Published by Chalice Press on April 30, 2014
Source: I purchased a copy of this book.
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Never Pray Again encourages readers to "lift your chin, open your eyes, unfold your hands and get to work." The authors, writers of the popular "Two Friars and a Fool" blog, find the purpose of prayers not in the praying but in the doing--to Praise! Confess! Heal! Intercede! The book follows a traditional liturgical structure, drawing upon major forms of prayer and presenting each as a practice rather than merely a prayer.
I heard about Never Pray Again from April at The Steadfast Reader and was completely intrigued. I visited the authors’ website, Two Friars and a Fool, and read, listened, and watched for a couple weeks. I found I really connected with what they had to say.
Never Pray Again focuses on something that has unsettled me for a long time: Prayer. The premise of the book is that “prayer is often a substitute for action.” It makes us feel good, and it’s something we can do quickly and then forget about. Kind of like a narcissistic, religious form of slacktivism. The authors start out with a bang, explaining how this attitude is basically “Zombie Christianity.” Yes!
I loved the parallel between the message of this book and the “God’s Work. Our Hands.” initiative that my denomination has been encouraging this year. Are we missing opportunities to actually do something? To be God’s hands, stepping up and fulfilling an actual need? This book urges us to stop before offering verbal platitudes and thoughtfully consider whether or not we are actually helping its recipient in a concrete way.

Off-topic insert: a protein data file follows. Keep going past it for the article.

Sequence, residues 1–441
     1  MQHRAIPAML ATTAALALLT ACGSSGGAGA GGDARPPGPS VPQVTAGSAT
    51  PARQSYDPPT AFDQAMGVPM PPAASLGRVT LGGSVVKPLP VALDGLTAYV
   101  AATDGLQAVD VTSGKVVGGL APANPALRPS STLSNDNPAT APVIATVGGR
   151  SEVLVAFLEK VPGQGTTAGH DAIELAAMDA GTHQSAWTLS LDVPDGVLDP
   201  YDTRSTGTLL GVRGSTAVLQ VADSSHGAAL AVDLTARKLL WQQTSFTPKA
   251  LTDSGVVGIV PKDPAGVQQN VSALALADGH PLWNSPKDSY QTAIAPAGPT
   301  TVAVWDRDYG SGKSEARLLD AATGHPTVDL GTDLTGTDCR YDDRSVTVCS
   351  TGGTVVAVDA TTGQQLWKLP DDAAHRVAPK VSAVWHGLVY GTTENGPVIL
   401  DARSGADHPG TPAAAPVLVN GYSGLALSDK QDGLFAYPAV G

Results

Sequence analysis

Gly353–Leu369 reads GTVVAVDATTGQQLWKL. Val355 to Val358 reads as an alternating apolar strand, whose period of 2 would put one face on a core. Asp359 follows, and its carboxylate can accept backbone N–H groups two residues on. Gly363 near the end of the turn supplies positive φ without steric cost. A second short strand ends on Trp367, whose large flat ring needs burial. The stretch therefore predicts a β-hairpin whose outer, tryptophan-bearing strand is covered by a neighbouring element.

A few minor issues:
- There was one brief but completely unnecessary moment of political snark. I’m so tired of that kind of thing. It only serves to potentially alienate people, and to dilute one’s overall message.
- Considering I purchased this book (it wasn’t a galley), there were too many typos. It could have used one more pass through an editor.
- I wish it had ended on a more useful note as far as prayer is concerned. They don’t seem to totally discount the act of praying. Instead, they say “it needed to be set free from the rock imprisoning it before it could be much use.” I would have liked for them to elaborate on that just a little more.
That aside, I love that the authors whittled away at the idea of God as a wish-granting genie in a bottle. It was so nice not to read a bunch of overused, feel-good platitudes and Christianese sound bytes. These guys actually acknowledge and address the real crap people face. The real needs they have. Problems that make an empty “I’ll be praying for you” feel like a slap in the face. They offer fresh perspectives and ideas that will help readers meet others where they are, more fully empathize with them, and then do something to help.